Paying your bills is a stressful but unavoidable part of being an adult. There are so many that it can get a bit overwhelming — water, credit cards, cellphone, and insurance for your home and vehicle.
Many people even subscribe to a magazine or online site that is set to auto-renewal, leaving you without anything in your checking account when you forget about paying the monthly rate. Netflix, HBO Max, and Hulu can charge a pretty penny when you are enjoying all of that great television.
With all these monthly expenses to keep track of, it is understandable that even the most responsible person will occasionally forget to pay one of them. When this happens, just how forgiving are each of the businesses you owe money to? Will they come after you like a mobster? Not hardly. But there are repercussions to ignoring your bills (like no lights).
“I missed my car insurance payment.” “I didn’t know I had another section on my tax forms to fill out in April.” We’ll cover as many scenarios as possible in a variety of fields to help you understand how to stay organized and keep up with your routine expenses. We’ll also discuss how you can get back in the good graces of the company you owe money to.
Missing a Car Insurance Payment
We’ll start with car insurance payments, which have some of the most jarring consequences for forgetting or ignoring them. Your car insurance is not something to miss so you can watch fall movies to watch at home. Skipping out on car insurance payments could end with you driving and getting a ticket for not having a valid license.
The DMV is immediately notified when you haven’t paid your car insurance bills. They in turn may decide to suspend your license because in most states, it is illegal to drive without an insurance policy. The fines and other potential charges you face for this choice are not something you want to hassle with.
If you simply can’t pay your insurance on time because you don’t have the money, talk to your agent about your unique financial struggles and ask for some extra time. There is typically a five-day grace period to paying insurance, but a good relationship and some trust between customer and company can lead to extra time to pay bills.
You could also look into reconfiguring the schedule of your payments around when you know you will be getting paid. This could mean paying in the middle of the month instead of the end, or you could ask for the payments to be made in smaller bunches; instead of $120 on the 31st, you could split it into $40 every 10 days.
There is no one-size-fits-all mantra for handling late payments to your car insurance provider. You have to evaluate your situation and go from there. You can see there are options for just about any experience, no matter how daunting it may appear.
Why is the IRS at my door?
There are a lot of horror stories and rumors that people perpetuate unfairly around the IRS and paying taxes. They will get the money they are owed eventually. You can’t skip out on your taxes, but they aren’t going to come to your door and arrest you a week after tax day because you missed giving them a form.
You will usually be fined progressively the longer you wait to turn in your taxes. You will be fined no more than 25% of your total tax number for waiting to turn in your documents. It starts at less than a 1% interest penalty on your total sum owed.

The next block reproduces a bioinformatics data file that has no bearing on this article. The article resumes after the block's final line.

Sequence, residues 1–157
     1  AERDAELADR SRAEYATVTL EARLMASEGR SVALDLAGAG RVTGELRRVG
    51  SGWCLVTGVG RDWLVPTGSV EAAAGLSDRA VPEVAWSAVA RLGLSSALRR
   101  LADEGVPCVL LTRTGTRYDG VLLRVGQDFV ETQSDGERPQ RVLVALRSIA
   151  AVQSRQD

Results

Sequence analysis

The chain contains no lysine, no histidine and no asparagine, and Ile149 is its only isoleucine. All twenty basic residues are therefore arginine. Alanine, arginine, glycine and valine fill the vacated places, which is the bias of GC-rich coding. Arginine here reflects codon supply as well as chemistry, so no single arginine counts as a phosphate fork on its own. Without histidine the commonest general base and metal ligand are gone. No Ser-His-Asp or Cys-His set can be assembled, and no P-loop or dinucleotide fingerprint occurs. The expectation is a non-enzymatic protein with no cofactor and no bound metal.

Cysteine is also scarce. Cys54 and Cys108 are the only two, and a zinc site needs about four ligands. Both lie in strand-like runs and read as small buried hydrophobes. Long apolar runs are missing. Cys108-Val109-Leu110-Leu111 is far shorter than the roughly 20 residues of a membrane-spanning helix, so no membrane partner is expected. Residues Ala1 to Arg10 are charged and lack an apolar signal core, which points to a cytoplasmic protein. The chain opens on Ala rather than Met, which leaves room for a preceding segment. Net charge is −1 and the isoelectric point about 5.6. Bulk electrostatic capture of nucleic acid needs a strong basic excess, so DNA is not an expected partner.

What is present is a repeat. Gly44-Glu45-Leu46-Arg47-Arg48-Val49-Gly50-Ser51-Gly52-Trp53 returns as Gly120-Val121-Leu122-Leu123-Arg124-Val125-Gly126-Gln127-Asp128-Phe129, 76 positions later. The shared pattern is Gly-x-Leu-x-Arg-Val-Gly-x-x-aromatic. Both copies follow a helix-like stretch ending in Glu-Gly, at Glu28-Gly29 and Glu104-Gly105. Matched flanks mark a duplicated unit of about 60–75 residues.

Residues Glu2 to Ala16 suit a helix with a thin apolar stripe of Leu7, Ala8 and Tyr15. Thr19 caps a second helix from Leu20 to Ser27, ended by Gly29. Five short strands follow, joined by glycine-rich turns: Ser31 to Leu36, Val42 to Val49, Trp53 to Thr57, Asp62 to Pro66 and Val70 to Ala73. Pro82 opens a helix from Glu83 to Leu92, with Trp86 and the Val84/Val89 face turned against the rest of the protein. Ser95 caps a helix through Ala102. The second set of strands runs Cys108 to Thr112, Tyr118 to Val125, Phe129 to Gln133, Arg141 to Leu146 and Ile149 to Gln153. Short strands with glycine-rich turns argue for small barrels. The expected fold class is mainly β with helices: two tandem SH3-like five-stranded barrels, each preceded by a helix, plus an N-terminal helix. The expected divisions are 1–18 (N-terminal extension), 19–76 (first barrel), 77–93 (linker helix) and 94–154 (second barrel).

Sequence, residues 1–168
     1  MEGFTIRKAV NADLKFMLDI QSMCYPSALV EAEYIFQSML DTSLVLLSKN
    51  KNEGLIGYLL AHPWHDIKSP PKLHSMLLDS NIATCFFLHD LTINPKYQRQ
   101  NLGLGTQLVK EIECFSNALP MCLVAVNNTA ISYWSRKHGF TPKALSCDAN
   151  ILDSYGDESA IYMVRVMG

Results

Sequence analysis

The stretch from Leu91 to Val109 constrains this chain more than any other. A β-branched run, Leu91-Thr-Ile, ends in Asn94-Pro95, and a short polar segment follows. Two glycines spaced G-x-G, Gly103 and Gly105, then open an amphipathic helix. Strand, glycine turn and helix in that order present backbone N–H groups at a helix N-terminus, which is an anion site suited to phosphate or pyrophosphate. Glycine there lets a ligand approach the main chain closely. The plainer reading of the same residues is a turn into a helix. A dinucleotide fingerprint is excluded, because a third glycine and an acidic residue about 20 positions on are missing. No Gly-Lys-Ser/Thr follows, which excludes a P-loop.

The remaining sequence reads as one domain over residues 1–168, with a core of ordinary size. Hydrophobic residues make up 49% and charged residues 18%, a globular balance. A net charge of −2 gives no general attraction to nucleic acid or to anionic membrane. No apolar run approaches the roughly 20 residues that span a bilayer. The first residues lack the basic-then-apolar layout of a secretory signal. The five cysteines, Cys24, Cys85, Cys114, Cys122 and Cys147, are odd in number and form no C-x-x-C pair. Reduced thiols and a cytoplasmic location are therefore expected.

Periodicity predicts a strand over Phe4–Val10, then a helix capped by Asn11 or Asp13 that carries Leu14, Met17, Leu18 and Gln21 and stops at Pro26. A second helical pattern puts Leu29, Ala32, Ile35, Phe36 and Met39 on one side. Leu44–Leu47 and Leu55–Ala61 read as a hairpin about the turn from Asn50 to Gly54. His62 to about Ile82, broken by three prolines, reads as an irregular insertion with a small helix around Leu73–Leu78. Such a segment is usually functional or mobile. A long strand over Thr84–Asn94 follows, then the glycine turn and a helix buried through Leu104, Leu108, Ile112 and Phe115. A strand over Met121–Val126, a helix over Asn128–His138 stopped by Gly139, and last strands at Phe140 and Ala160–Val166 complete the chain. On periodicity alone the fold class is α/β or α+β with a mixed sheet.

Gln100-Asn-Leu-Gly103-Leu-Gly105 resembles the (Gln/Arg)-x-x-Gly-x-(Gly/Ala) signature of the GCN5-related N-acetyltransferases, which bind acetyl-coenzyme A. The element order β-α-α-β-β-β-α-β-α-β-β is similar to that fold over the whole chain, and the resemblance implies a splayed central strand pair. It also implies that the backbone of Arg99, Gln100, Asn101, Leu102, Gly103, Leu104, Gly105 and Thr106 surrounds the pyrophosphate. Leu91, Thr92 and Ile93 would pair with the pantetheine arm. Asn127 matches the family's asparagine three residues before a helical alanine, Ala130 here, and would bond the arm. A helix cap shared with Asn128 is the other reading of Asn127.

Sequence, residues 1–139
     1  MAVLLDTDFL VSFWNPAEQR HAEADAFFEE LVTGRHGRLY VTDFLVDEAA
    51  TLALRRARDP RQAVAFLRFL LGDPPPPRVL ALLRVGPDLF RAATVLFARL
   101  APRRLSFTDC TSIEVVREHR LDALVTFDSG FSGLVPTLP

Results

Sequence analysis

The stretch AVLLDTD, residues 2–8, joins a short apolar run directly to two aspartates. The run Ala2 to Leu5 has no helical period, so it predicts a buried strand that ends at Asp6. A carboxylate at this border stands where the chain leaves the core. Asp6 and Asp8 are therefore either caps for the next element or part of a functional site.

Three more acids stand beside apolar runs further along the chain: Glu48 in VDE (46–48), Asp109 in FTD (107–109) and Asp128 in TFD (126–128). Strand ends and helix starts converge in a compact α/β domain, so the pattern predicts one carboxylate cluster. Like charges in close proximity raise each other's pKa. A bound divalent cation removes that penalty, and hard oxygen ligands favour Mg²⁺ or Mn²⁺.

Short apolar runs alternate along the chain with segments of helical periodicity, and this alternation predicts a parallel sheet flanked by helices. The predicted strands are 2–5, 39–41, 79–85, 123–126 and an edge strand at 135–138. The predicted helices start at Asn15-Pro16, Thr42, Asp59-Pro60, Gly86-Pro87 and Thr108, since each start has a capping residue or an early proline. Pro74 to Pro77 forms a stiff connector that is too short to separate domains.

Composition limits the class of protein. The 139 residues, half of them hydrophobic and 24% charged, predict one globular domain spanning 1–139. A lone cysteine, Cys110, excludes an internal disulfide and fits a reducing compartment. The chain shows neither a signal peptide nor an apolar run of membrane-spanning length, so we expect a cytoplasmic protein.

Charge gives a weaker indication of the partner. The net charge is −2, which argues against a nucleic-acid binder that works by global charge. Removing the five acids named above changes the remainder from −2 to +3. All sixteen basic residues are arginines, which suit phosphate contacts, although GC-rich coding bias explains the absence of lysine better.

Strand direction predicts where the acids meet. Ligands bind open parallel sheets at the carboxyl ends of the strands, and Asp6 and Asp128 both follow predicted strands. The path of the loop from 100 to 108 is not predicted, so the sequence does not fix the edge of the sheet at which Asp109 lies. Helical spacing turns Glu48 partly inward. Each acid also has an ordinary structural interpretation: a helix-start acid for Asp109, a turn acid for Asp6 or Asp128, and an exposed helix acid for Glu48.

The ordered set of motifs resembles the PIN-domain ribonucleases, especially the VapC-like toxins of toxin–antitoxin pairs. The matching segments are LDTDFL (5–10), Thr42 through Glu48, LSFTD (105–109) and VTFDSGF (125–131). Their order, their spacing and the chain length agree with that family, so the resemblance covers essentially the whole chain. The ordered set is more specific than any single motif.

If you are sick or having a family emergency, letting the IRS know will usually give you some extra time, but you also will need some sort of proof that you’re telling the truth. Emergency room forms, doctor signatures, and other similar evidence will help get the excuse validated.
Try not to be scared of the IRS and just pay your taxes on time. Prepare for tax season by getting professional advice from a tax service or a parent or friend who has more experience than you do in paying taxes. If you are a freelancer and need to calculate more tax numbers yourself, it is even more important to go this route for help.
Late Credit Card Payments and Credit Scores
It is important to understand the responsibility of getting a credit card. A line of credit is a loan from a bank that you have to pay back later. When you use a credit card, the bank is paying for whatever product or service you have just purchased. It is their money and they want it back. Otherwise, they won’t trust you with their money in the future.
This will lead to a lower credit score, less available credit on your cards, and the inability to take out loans on big things in your life like houses and vehicles. It is very hard to be a financially stable adult if you owe money, but there are ways to get debt relief.
With these types of programs, you can find creative solutions for your continuous late payments on credit cards. For example, many people take out too many cards and have multiple maxed-out lines of credit.
This is overwhelming, but you can make it easier to handle if you combine all the cards into one tidy bill that can be paid on a scheduled date instead of keeping track of individual debts.
You can also go to credit counseling, where professional experts will give you advice on how to climb out of your hole and build better habits for credit cards and loans in the future. There are always solutions to late credit card payment problems, but you have to act first and understand your credit score.
Fix the Problem Before It Starts
Everybody knows whether they are taking on too many bills if they calculate all their monthly expenses on a budget and compare it to the monthly income they take in. The best thing you can do to avoid the stresses of late penalties is to avoid them.
Look at every possible problem and create solutions before they need to be used. This is the best way to handle any money problem, right?